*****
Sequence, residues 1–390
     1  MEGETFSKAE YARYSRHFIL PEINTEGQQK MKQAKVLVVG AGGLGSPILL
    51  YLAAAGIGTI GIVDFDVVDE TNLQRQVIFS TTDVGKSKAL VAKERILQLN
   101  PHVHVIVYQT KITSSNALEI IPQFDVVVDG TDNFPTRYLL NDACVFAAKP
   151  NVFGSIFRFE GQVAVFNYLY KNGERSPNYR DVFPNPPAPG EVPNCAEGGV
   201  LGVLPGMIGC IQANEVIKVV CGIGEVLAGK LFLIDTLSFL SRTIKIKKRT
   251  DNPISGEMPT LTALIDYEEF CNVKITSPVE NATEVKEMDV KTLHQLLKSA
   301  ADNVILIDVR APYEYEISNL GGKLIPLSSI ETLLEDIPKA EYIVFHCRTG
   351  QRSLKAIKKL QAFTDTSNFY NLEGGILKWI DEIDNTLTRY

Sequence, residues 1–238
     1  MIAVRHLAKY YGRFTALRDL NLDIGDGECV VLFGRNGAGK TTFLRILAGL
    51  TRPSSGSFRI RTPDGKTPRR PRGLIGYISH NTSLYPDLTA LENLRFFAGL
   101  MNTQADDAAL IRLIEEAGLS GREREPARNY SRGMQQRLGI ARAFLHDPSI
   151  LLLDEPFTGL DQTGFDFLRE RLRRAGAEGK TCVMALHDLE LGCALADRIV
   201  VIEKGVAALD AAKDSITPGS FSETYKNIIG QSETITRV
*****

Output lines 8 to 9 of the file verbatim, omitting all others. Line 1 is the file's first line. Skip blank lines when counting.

   301  ADNVILIDVR APYEYEISNL GGKLIPLSSI ETLLEDIPKA EYIVFHCRTG
   351  QRSLKAIKKL QAFTDTSNFY NLEGGILKWI DEIDNTLTRY